Pelosi also thanked President Biden for the administration’s move to announce a new targeted eviction moratorium.

“Thank you Mr. President for the courage and the initiative that you took to extend the moratorium,” she said, adding, “It was very clear the Senate was not going to take any action. We needed a presidential moratorium.”

11:22 a.m. ET, August 6, 2021

Challenge to Indiana University vaccine mandate reaches Supreme Court

From CNN's Ariane de Vogue

The US Supreme Court is seen in Washington, DC on July 1, 2021.
The US Supreme Court is seen in Washington, DC on July 1, 2021. Mandel Ngan/AFP/Getty Images

A lawyer representing Indiana University students asked the Supreme Court to block the school's vaccine mandate that is set to take effect this fall, while the appeals process plays out. 

The filing Friday marks the first time the justices have been asked to weigh in on the issue as private and public entities are increasingly requiring vaccines in the wake of a new surge of the virus caused by the Delta variant.

The university requires students to be vaccinated unless they qualify for exemptions. If they are exempted, they must wear masks and undergo testing twice a week.

"IU is coercing students to give up their rights to bodily integrity, autonomy, and of medical treatment choice in exchange for the discretionary benefit of matriculating at IU," James Bopp, a lawyer for the students, told the Supreme Court in an emergency petition asking the justices to act by Aug. 13.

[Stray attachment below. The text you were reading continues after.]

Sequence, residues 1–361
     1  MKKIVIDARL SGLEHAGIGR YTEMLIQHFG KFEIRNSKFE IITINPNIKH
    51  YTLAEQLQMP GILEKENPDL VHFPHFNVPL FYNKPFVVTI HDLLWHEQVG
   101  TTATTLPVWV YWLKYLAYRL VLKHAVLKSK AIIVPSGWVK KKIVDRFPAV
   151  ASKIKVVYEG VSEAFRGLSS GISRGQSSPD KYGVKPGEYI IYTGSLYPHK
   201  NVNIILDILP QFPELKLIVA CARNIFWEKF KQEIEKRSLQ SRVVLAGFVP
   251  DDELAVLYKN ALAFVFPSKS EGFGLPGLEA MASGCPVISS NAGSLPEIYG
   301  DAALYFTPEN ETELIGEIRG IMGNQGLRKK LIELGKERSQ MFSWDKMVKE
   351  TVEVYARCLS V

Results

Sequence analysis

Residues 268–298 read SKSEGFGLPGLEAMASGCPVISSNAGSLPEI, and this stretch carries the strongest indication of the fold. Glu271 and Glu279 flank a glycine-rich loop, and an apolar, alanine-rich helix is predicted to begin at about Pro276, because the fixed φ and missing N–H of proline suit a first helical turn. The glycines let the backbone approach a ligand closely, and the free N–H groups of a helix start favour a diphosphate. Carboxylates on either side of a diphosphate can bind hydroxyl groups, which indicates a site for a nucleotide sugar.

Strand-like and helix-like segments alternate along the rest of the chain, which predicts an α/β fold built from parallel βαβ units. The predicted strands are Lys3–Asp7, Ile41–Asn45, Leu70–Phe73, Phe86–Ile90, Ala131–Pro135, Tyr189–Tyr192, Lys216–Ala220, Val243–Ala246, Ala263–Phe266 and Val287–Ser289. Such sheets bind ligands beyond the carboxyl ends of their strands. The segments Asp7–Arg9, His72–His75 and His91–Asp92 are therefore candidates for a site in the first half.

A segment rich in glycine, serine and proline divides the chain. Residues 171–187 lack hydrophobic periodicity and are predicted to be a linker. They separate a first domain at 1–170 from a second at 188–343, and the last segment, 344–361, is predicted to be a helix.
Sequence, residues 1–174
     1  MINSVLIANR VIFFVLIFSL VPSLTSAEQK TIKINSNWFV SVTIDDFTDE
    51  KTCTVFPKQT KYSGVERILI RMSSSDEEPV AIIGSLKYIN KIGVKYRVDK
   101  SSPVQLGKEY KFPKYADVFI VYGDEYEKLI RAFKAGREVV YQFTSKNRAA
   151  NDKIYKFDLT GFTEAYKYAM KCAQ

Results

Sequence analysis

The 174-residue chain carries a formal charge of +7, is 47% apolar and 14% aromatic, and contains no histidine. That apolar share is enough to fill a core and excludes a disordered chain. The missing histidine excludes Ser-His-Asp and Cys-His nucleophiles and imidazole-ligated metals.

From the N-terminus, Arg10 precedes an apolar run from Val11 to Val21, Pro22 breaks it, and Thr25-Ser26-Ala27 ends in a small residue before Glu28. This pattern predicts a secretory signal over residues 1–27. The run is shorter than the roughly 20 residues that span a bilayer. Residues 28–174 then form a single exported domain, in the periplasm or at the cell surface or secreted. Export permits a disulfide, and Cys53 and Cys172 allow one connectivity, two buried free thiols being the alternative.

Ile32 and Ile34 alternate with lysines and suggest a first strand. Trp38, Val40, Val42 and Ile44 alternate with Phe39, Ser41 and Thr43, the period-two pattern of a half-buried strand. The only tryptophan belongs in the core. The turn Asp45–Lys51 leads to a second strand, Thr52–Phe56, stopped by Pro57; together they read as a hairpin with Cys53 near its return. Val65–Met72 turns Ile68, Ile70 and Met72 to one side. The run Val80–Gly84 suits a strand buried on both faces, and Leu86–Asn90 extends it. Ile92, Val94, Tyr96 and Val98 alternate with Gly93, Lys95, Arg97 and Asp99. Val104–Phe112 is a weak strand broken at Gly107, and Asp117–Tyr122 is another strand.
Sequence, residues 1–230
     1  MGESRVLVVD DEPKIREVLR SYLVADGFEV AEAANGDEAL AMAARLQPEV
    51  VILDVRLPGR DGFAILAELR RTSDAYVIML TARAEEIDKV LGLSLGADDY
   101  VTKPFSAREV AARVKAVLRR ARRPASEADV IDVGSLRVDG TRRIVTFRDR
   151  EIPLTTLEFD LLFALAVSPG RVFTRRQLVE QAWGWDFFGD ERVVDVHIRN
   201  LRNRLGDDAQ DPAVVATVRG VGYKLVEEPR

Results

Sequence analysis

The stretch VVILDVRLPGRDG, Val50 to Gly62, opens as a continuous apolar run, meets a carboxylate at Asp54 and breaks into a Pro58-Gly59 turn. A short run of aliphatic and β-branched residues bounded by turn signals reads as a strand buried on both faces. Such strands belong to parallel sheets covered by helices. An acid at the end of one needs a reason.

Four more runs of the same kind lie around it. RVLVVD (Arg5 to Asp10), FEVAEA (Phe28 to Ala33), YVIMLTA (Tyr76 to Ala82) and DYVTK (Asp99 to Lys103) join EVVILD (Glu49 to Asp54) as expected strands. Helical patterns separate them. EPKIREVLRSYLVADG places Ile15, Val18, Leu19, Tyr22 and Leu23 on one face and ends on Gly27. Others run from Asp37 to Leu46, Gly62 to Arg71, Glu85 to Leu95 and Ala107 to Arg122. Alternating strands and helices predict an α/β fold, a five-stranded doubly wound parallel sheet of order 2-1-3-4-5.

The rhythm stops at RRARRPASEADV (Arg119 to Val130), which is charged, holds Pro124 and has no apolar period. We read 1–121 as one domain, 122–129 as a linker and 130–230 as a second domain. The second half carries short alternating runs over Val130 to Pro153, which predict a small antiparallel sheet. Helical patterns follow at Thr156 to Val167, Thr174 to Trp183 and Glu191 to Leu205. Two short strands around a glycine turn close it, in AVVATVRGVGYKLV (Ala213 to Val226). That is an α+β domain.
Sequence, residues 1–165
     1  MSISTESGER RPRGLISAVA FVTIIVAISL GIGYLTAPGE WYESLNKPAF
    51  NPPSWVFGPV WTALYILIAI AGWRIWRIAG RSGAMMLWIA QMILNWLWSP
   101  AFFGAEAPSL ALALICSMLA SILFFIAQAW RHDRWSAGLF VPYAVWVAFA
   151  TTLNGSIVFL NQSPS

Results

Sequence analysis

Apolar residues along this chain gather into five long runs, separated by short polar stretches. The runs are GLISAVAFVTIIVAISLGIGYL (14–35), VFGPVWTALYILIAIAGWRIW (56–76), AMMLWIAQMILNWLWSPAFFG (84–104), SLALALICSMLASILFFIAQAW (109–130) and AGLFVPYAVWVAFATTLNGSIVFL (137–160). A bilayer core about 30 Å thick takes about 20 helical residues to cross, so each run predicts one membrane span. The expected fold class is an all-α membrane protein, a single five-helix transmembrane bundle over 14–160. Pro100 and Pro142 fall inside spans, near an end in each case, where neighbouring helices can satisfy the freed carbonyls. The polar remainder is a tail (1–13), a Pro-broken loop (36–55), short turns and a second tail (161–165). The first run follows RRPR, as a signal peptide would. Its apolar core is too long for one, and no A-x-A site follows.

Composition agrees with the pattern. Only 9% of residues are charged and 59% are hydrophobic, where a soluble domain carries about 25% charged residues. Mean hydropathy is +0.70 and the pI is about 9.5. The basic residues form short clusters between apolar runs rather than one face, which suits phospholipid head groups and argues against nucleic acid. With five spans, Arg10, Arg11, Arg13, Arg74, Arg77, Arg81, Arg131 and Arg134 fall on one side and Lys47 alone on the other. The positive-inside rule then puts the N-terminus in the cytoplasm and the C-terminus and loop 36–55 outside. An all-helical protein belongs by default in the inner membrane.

Bopp said the students' refusal is "based on legitimate concerns including underlying medical conditions, having natural antibodies, and the risks associated with the vaccine."

Lower courts have ruled against the students, citing a Supreme Court decision from 1905 which held that a state may require vaccines against smallpox. 

A panel of judges on the 7th US Circuit Court of Appeals, all Republican appointees, said that vaccination requirements "have been common in this nation" and stressed that the IU policies allow exemptions for those who have medical issues related to the vaccine or religious objections. 

"These plaintiffs just need to wear a mask and be tested, requirements that are not constitutionally problematic," the court held, and added that vaccination is a condition for attending the university. 

Those who do not want to be vaccinated may "go elsewhere." 

"A university will have trouble operating when each student fears that everyone else may be spreading diseases," the court held. "Few people want to return to remote education – and we do not think that the Constitution forces the distance-learning approach on a university that believes vaccination (or masks and frequent testing of the unvaccinated) will make in-person operations safe enough."

The Supreme Court will likely ask the university for its response. 

Last week, IU spokesperson Chuck Carney told CNN that it "remains confident" that it will ultimately prevail because of a legitimate public health interest in assuring the safety of our students, faculty and staff."